Cleaning Heat Exchanger Tubes

What You'll Need
Calcium or hard water cleaner
Small vacuum
Power washer
Hose attachment
Pipe brush

A heat exchanger in your furnace or boiler is what heats either air or water that is then used to heat your home. The heat exchanger is connected inside the furnace or boiler with metal tubes that transport the water and air exchange. A home heat exchanger is less likely to fail due to dirt and grime then a heat exchanger in a car or ship. Hard water and water with high calcium levels can cause the tubes to calcify and prevent proper flow of water to heat. The article that follows will show you how to clean heat exchanger tubes for your home furnace or boiler.

Step 1 - Turn off the Power

When working with a boiler or furnace it is paramount that you take safety precautions. Accidentally puncturing a tube or hose can cause steam to strike you. Before cleaning any heat exchanger you should turn the power off and allow the system to cool down. Use your senses to tell when it is cool by listening to the system, touching the wall of the system or reading the heat gauge. You should also wear work gloves as there are sharp pieces of metal you'll be working around.

Step 2 - Accessing the Heat Exchanger

Use the screwdriver to remove the front panels of the furnace or boiler. The heat exchanger is located behind these and is identified by hoses and pipes attached to something resembling a bulky metal panel. The tubes you are concerned with are the metal tubes coming off of the heat exchanger. It is a good plan to write down where the hoses and tubes connect and how the heat exchanger is orientated because you will need to remove it.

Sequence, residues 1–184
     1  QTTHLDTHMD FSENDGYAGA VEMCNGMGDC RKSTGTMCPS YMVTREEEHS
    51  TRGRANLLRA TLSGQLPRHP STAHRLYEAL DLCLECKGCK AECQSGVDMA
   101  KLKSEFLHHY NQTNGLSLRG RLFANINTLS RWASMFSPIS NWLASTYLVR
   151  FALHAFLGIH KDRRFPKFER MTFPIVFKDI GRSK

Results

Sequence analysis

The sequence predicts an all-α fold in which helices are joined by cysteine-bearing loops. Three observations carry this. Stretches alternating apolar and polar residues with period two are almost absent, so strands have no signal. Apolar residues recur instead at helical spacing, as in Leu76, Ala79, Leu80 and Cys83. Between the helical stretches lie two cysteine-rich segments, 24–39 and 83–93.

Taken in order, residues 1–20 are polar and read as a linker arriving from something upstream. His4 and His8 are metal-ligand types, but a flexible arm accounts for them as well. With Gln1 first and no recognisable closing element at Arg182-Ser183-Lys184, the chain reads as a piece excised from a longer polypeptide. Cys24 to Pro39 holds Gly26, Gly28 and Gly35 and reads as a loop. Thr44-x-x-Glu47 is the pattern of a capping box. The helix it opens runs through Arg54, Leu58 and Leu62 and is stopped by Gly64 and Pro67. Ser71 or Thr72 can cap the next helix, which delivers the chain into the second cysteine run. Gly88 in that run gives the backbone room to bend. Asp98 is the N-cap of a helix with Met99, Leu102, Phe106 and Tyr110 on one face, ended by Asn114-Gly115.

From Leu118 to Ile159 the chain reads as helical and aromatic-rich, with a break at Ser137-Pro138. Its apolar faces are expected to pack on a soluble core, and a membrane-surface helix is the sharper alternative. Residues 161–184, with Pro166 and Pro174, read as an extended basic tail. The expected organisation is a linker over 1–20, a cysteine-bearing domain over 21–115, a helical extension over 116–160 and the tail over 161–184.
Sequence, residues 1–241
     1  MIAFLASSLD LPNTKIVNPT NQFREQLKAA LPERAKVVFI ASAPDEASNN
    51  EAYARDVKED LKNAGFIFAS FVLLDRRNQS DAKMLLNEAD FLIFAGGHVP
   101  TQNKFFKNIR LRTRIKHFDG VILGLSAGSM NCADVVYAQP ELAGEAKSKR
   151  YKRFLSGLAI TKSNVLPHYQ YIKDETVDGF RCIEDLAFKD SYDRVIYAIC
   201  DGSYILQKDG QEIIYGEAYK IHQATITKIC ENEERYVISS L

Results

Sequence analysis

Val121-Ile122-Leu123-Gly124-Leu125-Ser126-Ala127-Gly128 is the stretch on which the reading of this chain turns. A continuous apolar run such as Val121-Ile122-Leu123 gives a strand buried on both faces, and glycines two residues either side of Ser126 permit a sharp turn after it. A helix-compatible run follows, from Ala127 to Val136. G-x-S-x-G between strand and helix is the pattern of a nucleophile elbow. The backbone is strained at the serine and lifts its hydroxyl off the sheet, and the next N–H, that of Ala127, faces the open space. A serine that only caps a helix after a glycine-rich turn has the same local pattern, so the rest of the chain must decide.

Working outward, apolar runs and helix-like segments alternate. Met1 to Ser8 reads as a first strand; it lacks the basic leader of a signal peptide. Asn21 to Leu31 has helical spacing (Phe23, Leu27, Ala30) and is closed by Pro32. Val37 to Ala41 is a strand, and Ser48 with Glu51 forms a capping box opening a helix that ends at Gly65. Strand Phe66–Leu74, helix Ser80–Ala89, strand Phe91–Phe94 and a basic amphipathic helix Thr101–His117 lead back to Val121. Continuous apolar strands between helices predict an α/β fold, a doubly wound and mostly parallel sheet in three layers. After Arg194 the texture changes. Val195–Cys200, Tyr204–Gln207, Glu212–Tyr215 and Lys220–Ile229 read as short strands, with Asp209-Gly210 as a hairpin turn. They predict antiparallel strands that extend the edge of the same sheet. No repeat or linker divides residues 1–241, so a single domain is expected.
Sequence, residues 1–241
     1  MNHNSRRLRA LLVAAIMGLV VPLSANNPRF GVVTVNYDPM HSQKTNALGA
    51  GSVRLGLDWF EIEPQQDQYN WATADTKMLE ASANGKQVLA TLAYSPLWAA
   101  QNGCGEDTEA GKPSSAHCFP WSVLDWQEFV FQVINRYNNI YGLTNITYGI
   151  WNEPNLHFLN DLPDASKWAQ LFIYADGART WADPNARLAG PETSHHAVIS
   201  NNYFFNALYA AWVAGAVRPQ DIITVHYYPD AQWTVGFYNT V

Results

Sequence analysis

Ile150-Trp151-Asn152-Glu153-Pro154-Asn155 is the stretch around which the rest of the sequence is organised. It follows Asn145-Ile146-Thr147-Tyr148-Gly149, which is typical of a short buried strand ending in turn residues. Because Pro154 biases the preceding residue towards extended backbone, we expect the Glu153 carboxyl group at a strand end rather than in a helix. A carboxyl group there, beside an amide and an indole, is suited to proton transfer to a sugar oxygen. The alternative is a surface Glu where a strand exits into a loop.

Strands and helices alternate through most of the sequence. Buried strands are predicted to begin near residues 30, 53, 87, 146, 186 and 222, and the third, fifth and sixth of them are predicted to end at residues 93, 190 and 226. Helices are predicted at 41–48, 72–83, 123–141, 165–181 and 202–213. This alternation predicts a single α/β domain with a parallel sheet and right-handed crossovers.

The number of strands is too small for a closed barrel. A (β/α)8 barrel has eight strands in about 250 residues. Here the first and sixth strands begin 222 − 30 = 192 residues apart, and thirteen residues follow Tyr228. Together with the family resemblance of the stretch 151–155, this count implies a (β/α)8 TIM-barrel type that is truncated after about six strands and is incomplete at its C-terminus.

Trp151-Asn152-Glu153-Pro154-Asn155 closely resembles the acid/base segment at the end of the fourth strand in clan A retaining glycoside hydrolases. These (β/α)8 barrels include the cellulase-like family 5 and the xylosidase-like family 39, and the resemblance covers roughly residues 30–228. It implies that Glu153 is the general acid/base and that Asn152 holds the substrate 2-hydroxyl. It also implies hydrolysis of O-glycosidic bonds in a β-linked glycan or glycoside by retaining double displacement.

Step 3 - Initial Cleaning

Use the small vacuum to remove any dirt or debris that may have accumulated throughout the life of this heat exchanger. Once the dust is removed you can then wipe down the tubes with soapy water and dry them off with a towel. You can also let them air dry if you prefer.

Step 4 - Remove the Heat Exchanger

Use the screwdriver and wrench to remove hose and tube fittings as well as hardware. Once these are removed you will be to work the heat exchanger free.

Step 5 - Clean the Heat Exchanger

Mix the cleaner with fresh water and dip the pipe brush in the solution. Scour the inside of the heat exchanger to remove any build up. Flush the heat exchanger with clean water and allow to air dry.

Step 6 - Clean the Heat Exchanger Tubes

Plug in the power washer and fill with cleaner and fresh water. Attach the hose to the intake tube and the other end to the bucket. Turn the washer on and squeeze the trigger. The treated water will flow through the tubes and recycle itself. Change out the treated water with fresh water to clean the tubes. Attach the heat exchanger, replace the covers and turn on the power.